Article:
Washington, D.C.'s attorney general brought in a 527 political group, the Democratic Attorneys General Association (DAGA), to help manage media outreach when the office joined with the Maryland AG to sue President Donald Trump for violating the "emoluments clause" of the Constitution last June, emails show.
DAGA and its Republican counterpart, the Republican Attorneys General Association (RAGA), have largely been used as campaign tools to fundraise and promote candidates and their campaigns. However, as emails sent by the attorney general's office in Washington, D.C., and obtained through a Freedom of Information Act request show, DAGA is becoming involved and integrated in the day-to-day operations of some elected officials.
"527" organizations such as RAGA and DAGA "are typically parties, candidates, committees, or associations organized for the purpose of influencing an issue, policy, appointment, or election, be it federal, state or local," according to the Center for Responsive Politics.
Several emails showed DAGA officials setting a conference call with a subject line, "Emoluments Case Comms Coordination." The emails were sent to members of DAGA and the D.C. attorney general's office, as well as employees of the PR firm BerlinRosen, which has offices in Los Angeles, D.C., and New York. DAGA also brought in a political consultant for these conversations as well, the emails show and DAGA confirmed.
Another email string showed the D.C. AG's office declining a request for Attorney General Karl Racine to appear on MSNBC. As a result, communications officials in the office decided "to pass this along to BerlinRosen" to handle.
BerlinRosen, a progressive firm, has done millions worth of public relations work for political pushes to boost the minimum wage to $15 an hour.
These attorneys general associations are relatively recent inventions: The Republicans formed RAGA in 1999, and the Democrats followed suit in 2002. Democrats have made no secret that they would emulate a strategy that was largely successful for Republicans during the Obama presidency, namely, slowing down the president's agenda with lawsuits that start at the state level.
Becoming enmeshed with the day-to-day execution of normal office duties appears to butt up against ethical redlines, according to Paul Nolette, a political science professor at Marquette University who has studied the associations for years.
"I would also answer ‘yes' to your question—does any of this start seeming unethical to me?" Nolette said in an email. "After all, the AGs' client is supposed to be their state. By allowing outside organizations to increasingly run their operations, AGs are essentially allowing for other interests to speak for their clients. There is hardly any guarantee that these outside interests, in turn, are chiefly seeking the state's interest as opposed to their own goals (whether partisan, ideological, or material). It opens the doors to all sorts of conflicts of interest."
A spokesperson with Racine's office rejected this assessment.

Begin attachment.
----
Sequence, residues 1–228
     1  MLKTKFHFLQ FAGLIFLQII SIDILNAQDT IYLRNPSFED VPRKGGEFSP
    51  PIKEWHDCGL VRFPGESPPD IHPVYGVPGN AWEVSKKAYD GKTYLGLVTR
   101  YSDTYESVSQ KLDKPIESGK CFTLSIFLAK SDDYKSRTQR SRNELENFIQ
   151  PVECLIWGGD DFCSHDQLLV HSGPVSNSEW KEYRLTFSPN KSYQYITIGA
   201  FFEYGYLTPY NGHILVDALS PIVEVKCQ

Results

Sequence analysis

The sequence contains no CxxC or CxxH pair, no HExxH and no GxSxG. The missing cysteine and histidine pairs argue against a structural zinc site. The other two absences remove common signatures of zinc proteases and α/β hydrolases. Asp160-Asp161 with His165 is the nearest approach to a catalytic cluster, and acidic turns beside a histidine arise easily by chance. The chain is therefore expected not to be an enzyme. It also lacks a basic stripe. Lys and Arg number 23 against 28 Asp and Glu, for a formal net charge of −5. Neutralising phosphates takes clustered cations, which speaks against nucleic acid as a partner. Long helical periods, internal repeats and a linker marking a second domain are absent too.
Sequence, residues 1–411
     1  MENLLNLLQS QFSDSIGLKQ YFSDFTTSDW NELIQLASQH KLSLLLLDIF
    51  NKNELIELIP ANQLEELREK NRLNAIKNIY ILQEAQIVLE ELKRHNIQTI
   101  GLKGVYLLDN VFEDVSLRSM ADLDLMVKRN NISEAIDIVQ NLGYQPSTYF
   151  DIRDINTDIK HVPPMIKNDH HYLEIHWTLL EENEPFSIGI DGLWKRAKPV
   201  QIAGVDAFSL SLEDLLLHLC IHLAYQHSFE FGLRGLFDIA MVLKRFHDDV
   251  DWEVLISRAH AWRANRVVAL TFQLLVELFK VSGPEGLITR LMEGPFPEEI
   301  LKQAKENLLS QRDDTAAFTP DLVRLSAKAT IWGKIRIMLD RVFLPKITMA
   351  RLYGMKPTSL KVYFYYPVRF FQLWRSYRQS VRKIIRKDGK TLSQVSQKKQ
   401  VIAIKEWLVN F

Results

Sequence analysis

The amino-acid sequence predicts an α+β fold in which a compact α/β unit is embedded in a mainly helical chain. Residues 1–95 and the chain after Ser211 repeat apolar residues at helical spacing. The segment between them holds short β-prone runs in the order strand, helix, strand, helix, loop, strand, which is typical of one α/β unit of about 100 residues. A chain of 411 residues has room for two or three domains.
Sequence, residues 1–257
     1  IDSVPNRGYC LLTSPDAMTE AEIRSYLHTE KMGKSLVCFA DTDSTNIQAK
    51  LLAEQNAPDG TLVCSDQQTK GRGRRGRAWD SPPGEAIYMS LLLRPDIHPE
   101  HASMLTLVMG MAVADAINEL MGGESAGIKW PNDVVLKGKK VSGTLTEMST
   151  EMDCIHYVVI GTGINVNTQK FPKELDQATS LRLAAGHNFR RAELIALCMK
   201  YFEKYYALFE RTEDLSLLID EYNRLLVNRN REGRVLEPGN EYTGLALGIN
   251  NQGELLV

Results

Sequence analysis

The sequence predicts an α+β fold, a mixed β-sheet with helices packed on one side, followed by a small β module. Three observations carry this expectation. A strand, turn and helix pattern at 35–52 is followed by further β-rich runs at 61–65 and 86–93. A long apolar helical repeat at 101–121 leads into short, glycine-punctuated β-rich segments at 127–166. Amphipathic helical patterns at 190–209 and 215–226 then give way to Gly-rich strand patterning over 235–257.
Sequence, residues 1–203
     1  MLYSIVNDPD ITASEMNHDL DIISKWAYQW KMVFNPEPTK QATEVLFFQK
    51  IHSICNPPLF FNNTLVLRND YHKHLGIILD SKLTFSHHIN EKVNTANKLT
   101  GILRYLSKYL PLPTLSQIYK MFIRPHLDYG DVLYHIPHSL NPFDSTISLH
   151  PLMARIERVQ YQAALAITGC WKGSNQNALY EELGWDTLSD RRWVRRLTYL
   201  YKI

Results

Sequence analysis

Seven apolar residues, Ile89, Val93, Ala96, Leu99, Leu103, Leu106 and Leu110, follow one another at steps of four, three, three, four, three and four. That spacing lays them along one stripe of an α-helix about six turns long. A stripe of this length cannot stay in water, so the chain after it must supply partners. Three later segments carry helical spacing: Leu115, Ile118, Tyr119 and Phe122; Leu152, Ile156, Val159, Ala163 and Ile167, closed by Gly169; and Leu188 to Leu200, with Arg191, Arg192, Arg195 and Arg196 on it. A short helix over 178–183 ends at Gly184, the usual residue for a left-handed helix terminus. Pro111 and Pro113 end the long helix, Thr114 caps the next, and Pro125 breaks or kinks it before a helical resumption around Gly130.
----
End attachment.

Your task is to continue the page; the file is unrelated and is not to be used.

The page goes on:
"We shared media opportunities and messaging about the suit with the Democratic Attorneys General Association because many of its members supported our suit and wanted to amplify our message to the American people about why we brought this suit," the spokesperson said by email.
"This is completely proper, and it advances the District of Columbia's message and goal in bringing this suit: ensuring the President complies with the Constitution."
Dozens of emails reviewed from the Maryland AG's office did not show any interaction with DAGA during the same time period. A request for comment from the Maryland AG's office was not returned.
Nolette said the increasing power of such 527 groups highlights the breakdown of bipartisan cooperation between attorneys general. He pointed to the National Association of Attorneys General (NAAG), a more apolitical body formed in 1907 to help AGs of all political backgrounds do their job at the highest level.
"The NAAG model of cooperative operations has (almost) completely broken down," Nolette said. "Rather than the bipartisan NAAG doing things like advocating for AGs as a whole (via communicating with the media, assisting with amicus briefs, lobbying Congress, etc.,) you have RAGA/DAGA advocating for their members on a partisan basis. This latter point is only a slight exaggeration—NAAG still does some of these things for bipartisan groups of AGs—but the broader point is that RAGA and DAGA are more important to AGs than ever."
Republican attorneys general during Obama's presidency were successful in slowing his agenda with multi-state lawsuits against, for example, Obamacare and the Clean Power Plan. However, during that time, RAGA critics highlighted the group's coordination of "donor conferences," in which high-level donors could have access to various Republican AGs during RAGA conventions.
Democrats have turned the tables, slowing down President Trump's early travel bans which were targeted towards nations with Muslim-majority populations and fighting other policy proposals.
A September report from Politico said DAGA is hoping to spend $15 million in the 2018 cycle. Republicans hold 26 attorney general seats across the nation; Democrats hold 22, with independents holding the remaining two seats.